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1.5V vs 1.35V memory?

Could someone explain to me, or point me to an explanation, about what the difference between DDR3 1600 1.5Volt and 1.35V memory is?

Which is better? And just as importantly, how do I check if a given CPU/Motherboard combination supports either?
Reply to rutski89
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More about 35v memory
  1. Best answer
    The difference between the two is the voltage required to run the RAM at 1600mhz. Despite 1.5v being more than acceptable, a low voltage is generally always better. It means less stress to the CPU memory controller and also allows for more headroom when overclocking.

    As for compatibility, there's no way to check and little need as well. All DDR3 memory should work with any CPU/mobo combination. However, you do need to check that the speed of your RAM is supported by your motherboard. Although, 1600mhz should be fine.
    Reply to benjii
  2. Ah, interesting. I wonder if 1.35V ram is more expensive then, given the higher performance.

    To newegg!
    Reply to rutski89
  3. rutski89 said:
    Ah, interesting. I wonder if 1.35V ram is more expensive then, given the higher performance.

    To newegg!


    You should remember that there's no guarantees with overclocking. It stands to reason that lower voltage RAM should allow for more volts, however, it could be that it's pushing the boundaries of what it is capable of. My recommendation if you're wanting to overclock is to do a little research and see what other people have achieved with the same hardware.
    Reply to benjii
  4. Keep in mind not all mobos are ready to deal w/low voltage DRAM also.
    Reply to Tradesman1
  5. benjii said:
    The difference between the two is the voltage required to run the RAM at 1600mhz. Despite 1.5v being more than acceptable, a low voltage is generally always better. It means less stress to the CPU memory controller and also allows for more headroom when overclocking.

    As for compatibility, there's no way to check and little need as well. All DDR3 memory should work with any CPU/mobo combination. However, you do need to check that the speed of your RAM is supported by your motherboard. Although, 1600mhz should be fine.


    benjii said:
    rutski89 said:
    Ah, interesting. I wonder if 1.35V ram is more expensive then, given the higher performance.

    To newegg!


    You should remember that there's no guarantees with overclocking. It stands to reason that lower voltage RAM should allow for more volts, however, it could be that it's pushing the boundaries of what it is capable of. My recommendation if you're wanting to overclock is to do a little research and see what other people have achieved with the same hardware.



    hi ,benjii

    first sorry for my english

    and i have a question now

    could the 1.35v ram used for the 1.5v ram slot?

    i mean the Compatibility.

    i have the 8G 1600 ram but 1.35v , and i want to slot in my mac mini 2012 which need the 1.5V ram, can i do that?

    thanks for your reply if you could.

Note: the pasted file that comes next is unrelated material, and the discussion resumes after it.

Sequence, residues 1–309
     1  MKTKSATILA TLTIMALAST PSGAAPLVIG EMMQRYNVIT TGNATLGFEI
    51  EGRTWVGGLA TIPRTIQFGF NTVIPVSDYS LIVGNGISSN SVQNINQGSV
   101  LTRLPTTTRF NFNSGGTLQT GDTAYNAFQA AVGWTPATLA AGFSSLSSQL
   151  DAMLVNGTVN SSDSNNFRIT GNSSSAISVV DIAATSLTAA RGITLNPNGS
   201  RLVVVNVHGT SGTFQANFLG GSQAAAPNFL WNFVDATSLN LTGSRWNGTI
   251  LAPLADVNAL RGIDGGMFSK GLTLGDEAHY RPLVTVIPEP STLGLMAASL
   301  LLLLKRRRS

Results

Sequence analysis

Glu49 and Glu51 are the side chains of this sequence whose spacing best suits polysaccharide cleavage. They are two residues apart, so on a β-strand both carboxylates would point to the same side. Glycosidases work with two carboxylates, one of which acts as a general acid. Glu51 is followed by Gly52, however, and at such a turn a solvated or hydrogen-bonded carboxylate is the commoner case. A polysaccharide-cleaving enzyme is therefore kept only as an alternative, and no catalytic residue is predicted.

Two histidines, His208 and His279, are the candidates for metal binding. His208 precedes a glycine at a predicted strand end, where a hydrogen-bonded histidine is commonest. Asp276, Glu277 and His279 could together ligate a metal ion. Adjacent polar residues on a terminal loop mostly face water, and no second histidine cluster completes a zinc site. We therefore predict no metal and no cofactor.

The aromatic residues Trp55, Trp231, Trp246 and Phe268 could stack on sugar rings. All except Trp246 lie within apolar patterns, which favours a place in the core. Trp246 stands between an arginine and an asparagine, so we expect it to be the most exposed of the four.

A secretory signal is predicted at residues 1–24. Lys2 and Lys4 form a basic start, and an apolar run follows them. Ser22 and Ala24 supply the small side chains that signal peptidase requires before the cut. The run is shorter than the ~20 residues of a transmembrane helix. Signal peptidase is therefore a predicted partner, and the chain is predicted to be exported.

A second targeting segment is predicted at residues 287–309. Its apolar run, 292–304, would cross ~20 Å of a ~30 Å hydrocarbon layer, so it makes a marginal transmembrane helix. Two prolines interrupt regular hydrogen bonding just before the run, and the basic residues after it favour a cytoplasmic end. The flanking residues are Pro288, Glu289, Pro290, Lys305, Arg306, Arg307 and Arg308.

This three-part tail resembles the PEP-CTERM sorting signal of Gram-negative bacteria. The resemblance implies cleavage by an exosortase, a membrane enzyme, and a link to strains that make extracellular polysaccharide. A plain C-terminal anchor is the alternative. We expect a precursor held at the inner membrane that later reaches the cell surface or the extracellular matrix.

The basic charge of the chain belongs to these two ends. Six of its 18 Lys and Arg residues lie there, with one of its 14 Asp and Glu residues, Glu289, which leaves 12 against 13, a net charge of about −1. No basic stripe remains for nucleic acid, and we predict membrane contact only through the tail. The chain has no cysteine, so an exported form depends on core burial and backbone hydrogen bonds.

my email address : (email address removed by Tradesman1)
    Reply to linjunjie
  6. linjunjie said:
    benjii said:
    The difference between the two is the voltage required to run the RAM at 1600mhz. Despite 1.5v being more than acceptable, a low voltage is generally always better. It means less stress to the CPU memory controller and also allows for more headroom when overclocking.

    As for compatibility, there's no way to check and little need as well. All DDR3 memory should work with any CPU/mobo combination. However, you do need to check that the speed of your RAM is supported by your motherboard. Although, 1600mhz should be fine.


    benjii said:
    rutski89 said:
    Ah, interesting. I wonder if 1.35V ram is more expensive then, given the higher performance.

    To newegg!


    You should remember that there's no guarantees with overclocking. It stands to reason that lower voltage RAM should allow for more volts, however, it could be that it's pushing the boundaries of what it is capable of. My recommendation if you're wanting to overclock is to do a little research and see what other people have achieved with the same hardware.



    hi ,benjii

    first sorry for my english

    and i have a question now

    could the 1.35v ram used for the 1.5v ram slot?

    i mean the Compatibility.

    i have the 8G 1600 ram but 1.35v , and i want to slot in my mac mini 2012 which need the 1.5V ram, can i do that?

    thanks for your reply if you could.

    my email address : (email address removed by Tradesman1)


    1.35 volt (DDR3L) memory and 1.5 volt (DDR3) memory are identical. Manufacturers simply select higher quality modules and configure them as 1.35 volt nominal.

    All DDR3L modules are fully backwards compatible with DDR3, meaning that 1.35 volt memory will run just fine at 1.5 volts. The reverse may be true in some cases, but is not guaranteed due to variation in quality.
    Reply to Pinhedd
  7. Im using 1.5v on my 1.35v DDR3L board (ECS H110M C3D) And everyone I asked said that my 1.5v Ram will work just fine, Ive been using it for a month now, so far so good. I even OCd it from 1333 to 1600 and im not encountering any problems at all :)))
    Reply to dankknightavngr
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